Sestertii, antoniniani, denarii, dupondii and others. Get information about collecting ancient republican and imperial Roman coinage.
Quite a few ancient Roman rulers minted their own coins, and different rulers saw different types of coins, and several made changes to the coinage system that lasted a short or (in some cases) a long time. Check our subcategories to find the ruler you're looking for...
Following the death of Antoninus Pius in AD 161, the Roman Empire acquired two emperors who ruled jointly: Marcus Aurelius and Caesar Lucius Aurelius Verus Augustus, better known as Lucius Verus. Both men were adopted sons of Antoninus Pius. Lucius Verus died of the plague in 169, after which Marcus Aurelius ruled alone until his own death in 180. There are several coins of Lucius Verus available for sale and collectors should keep an eye on the current selection, which changes often
Emperor Galba, a.k.a. Imperator Servius Galba Caesar Augustus, came to power in ancient Rome after Nero's suicide in June 68. Galba was himself killed the following January, when Otho began a reign that would last a mere three months; despite Galba's short reign, there were at least two coins made reflecting his time as emperor. Check to see what authentic ancient Galba coins are for sale now, and also be aware that you may be able to find some modern replicas of Galba coins
Marcus Aurelius (Caesar Marcus Aurelius Antoninus Augustus) became the emperor of the Roman Empire on the same day that his brother Lucius Verus did, in March 161. Their father, Antoninus Pius, had died, paving the way for the siblings. They co-ruled until Lucius Verus' death in 169; Marcus Aurelius carried on alone. In 177, Marcus Aurelius again gained a familial co-ruler: his son Commodus, who would himself become sole ruler when his father Marcus Aurelius died in 180. There are quite a few different coins available to collectors who are interested in Marcus Aurelius coins specifically. These may include, at any one time, various authentic coins from Marcus Aurelius' time both as a co-emperor with Lucius Verus or Commodus, and his time as a lone ruler. Modern reproductions may also fit other collectors' needs better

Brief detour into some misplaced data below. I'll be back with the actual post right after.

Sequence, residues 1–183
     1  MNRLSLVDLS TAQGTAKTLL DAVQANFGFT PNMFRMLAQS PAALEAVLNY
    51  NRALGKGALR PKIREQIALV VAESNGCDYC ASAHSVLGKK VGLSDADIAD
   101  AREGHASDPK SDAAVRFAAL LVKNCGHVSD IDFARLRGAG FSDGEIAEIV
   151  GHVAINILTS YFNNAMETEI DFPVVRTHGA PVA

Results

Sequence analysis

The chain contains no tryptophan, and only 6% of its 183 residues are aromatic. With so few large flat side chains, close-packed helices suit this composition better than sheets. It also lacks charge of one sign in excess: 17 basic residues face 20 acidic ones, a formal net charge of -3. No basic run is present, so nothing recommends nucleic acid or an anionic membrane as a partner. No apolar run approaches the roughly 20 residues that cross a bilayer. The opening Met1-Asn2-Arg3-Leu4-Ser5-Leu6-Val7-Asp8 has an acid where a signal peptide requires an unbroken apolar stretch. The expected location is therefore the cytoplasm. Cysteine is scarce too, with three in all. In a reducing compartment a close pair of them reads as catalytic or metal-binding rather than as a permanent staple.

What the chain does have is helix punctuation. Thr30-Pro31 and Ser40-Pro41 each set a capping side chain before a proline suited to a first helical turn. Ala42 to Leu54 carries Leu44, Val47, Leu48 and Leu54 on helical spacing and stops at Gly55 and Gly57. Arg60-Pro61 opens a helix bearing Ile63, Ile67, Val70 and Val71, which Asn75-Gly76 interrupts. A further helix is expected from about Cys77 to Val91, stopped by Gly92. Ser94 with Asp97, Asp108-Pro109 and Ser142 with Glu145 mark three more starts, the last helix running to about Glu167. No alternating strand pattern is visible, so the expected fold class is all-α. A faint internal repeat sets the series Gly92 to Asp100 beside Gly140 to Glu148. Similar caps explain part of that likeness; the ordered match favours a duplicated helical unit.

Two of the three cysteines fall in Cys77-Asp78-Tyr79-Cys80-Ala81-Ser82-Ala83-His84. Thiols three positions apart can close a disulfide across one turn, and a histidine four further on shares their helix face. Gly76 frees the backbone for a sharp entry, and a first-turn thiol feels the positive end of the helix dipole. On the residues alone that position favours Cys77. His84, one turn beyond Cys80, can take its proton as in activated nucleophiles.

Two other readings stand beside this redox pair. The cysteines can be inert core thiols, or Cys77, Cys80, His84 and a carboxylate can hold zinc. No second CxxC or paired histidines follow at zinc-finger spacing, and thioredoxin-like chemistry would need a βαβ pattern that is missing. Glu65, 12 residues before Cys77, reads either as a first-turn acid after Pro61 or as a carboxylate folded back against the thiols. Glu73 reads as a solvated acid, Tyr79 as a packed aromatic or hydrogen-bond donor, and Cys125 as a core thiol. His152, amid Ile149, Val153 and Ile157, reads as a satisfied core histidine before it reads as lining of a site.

There were several different types of coins used at various times in ancient Rome. In addition to the sestertius, for which this site is named, there were others, each made of certain metals and with certain values. Although the actual value, and chemistry, of some of these types of coins changed, they are still grouped together by their relative concurrent value. See the subcategories on this page to find specific coin type info. See ancient Roman coins listed by ruler here...
Quinarius ancient Roman coins feature in the background of many coin collections — less popular and numerous than other ancient coins, quinarii have carved out a subset of collector fans who watch the sales listings for new items for sale. Watch also for the variations including quinarius argenteus and quinarius aureus
Produced in great numbers for several hundred years, denarii are arguably the most popular and most numerous ancient Roman coins among collectors today, along with the sestertius and dupondius coins. Your denarius collection can be structured however you want — there are great denarii for sale no matter what your personal collection style may be
Many aurei for sale these days are modern reproductions, which is the only way most collectors will ever have an ancient Roman aureus coin in their collection. This is certainly a valid way to do it, since authentic aurei are very rare and generally reserved for the most deep-pocketed individuals and organizations. If you are looking for a replica aureus, note that such copies should be clearly marked, in the listing and sometimes on the coin itself. But yes, there are also a few actual authentic aureus coins for sale, and if you are in the market for one it is worth watching online sales listings